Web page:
Tri-nations with a difference

The recent extreme heat in the Cape has called for much more white wine (rather than red but possibly not beer!) to be opened. Our usual drinking pattern of a glass of white before supper and red with the meal has changed as we’ve stuck with white for the whole evening. Somehow, the thought of a full-bodied red, even one of those light reds I wrote about last time, has lacked appeal. Looking at it from another point of view, drinking such reds in hot, sticky weather wouldn’t do them any favour.

I wasn’t that surprised then that the pair of shirazes and cabernets offered for comparison in last week’s Tri-nations left me feeling somewhat disappointed.

This event features far more than just wine; it’s an evening of food, conceived and realised by a Michelin-star chef, and designed to accompany two wines, one from South Africa, the other, this year, from New Zealand, with the twist of guests voting for their preferred partnership.

Vineyard MD, Roy Davies, introducing Roger Jones
Vineyard MD, Roy Davies, introducing Roger Jones

Roger and Sue Jones are owners of The Harrow at Little Bedwyn in England; he is the Michelin-star chef and keen winelover. The Harrow’s cellar is impressively filled with emphasis on Australia, New Zealand and now South Africa.

Staying at The Vineyard in Newlands on their first visit to South Africa, the Jones’s together with the hotel’s MD and Food and Beverage team came up with the above idea, the first Tri-nations being held in 2015. The response from the public was enthusiastic with around 80 guests attending. South Africa nearly made a clean sweep, winning 5 – 1. The result was repeated when the same dinner was held at The Harrow in July last year.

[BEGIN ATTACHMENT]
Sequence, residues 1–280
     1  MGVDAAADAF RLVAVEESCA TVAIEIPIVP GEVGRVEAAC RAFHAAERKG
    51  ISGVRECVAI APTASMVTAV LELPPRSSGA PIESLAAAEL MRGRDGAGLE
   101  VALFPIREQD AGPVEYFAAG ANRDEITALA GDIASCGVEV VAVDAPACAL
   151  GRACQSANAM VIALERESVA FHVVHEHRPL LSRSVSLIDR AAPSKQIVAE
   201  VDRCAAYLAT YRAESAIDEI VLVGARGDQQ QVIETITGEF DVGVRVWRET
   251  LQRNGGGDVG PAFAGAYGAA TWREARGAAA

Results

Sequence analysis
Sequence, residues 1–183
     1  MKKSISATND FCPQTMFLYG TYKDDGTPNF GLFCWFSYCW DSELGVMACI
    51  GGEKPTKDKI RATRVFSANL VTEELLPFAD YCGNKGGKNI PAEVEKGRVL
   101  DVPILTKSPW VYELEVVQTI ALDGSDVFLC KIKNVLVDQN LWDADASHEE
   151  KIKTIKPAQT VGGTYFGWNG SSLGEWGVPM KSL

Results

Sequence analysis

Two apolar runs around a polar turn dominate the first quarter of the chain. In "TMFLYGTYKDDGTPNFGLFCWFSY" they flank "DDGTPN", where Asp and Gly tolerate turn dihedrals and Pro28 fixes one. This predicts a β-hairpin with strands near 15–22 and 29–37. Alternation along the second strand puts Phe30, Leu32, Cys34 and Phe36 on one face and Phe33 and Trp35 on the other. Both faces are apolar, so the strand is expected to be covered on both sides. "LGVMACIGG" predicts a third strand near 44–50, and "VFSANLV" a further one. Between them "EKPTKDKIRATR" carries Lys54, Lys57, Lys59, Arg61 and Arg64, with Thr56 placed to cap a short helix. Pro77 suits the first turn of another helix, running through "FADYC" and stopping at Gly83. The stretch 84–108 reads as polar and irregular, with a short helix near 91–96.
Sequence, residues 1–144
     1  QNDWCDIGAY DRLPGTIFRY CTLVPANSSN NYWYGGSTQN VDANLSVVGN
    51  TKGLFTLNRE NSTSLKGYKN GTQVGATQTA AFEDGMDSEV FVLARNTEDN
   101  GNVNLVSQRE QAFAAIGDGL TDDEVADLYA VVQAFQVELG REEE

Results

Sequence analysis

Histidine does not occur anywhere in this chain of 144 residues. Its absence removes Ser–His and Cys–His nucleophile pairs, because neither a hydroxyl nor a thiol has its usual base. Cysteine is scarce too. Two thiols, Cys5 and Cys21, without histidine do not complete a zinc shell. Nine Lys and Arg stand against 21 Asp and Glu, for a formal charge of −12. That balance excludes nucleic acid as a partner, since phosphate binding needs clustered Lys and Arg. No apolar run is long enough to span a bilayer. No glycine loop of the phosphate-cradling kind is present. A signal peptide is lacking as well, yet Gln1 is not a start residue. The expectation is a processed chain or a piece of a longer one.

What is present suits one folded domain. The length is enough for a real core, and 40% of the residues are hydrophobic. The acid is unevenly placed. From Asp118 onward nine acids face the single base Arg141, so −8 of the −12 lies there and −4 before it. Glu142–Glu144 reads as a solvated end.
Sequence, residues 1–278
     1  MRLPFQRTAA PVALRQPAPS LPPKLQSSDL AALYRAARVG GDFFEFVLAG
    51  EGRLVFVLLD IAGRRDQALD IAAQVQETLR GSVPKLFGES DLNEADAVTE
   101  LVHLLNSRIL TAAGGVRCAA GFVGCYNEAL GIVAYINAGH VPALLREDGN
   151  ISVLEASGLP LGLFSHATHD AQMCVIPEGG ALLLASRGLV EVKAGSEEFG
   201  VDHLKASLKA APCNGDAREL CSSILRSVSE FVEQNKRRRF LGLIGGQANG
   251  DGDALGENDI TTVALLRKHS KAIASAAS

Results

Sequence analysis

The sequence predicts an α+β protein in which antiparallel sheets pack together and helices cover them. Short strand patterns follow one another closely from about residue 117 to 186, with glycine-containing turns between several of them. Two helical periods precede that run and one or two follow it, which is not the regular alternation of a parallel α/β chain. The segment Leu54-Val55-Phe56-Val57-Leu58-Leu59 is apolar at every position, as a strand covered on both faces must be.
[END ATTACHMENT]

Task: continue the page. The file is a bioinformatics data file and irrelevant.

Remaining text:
Pause a moment to consider the logistics of feeding 80 people without lengthy delays, let alone pouring wine into 1000 Riedel glasses, each tagged with variety and number (1 or 2) and then tallying up the tags, handed in by guests, and announcing the result before moving onto the next course. Respect to all involved then that it has run so smoothly both years.

Last Friday, South Africa was paired with New Zealand, a contest most considered would be much closer. As indeed it was, ending in a tie.

Below is a list of the wines and scores (not every guest voted on each wine!), as well as the menu. Wines are selected by Jones in conjunction with The Vineyard and New Zealand producers.

Shane Louw, chef at The Vineyard
Shane Louw, chef at The Vineyard

A nice spin-off from this collaboration is that Jones invited The Vineyard’s chef, Shane Louw,  to work at The Harrow for two weeks last year; he also spent time in the kitchens of two Michelin-star London restaurant The Square. The Vineyard and its guests are the beneficiaries of this experience.

A few of my thoughts on some of the wines.

The Nautilus NV Brut was new to me. It’s a classic, refined 70/30 pinot/chardonnay blend aged three years on the lees with gentle nutty aromas, fine creamy mousse, complexity and length. Absolutely delicious and perfect with the macaroons.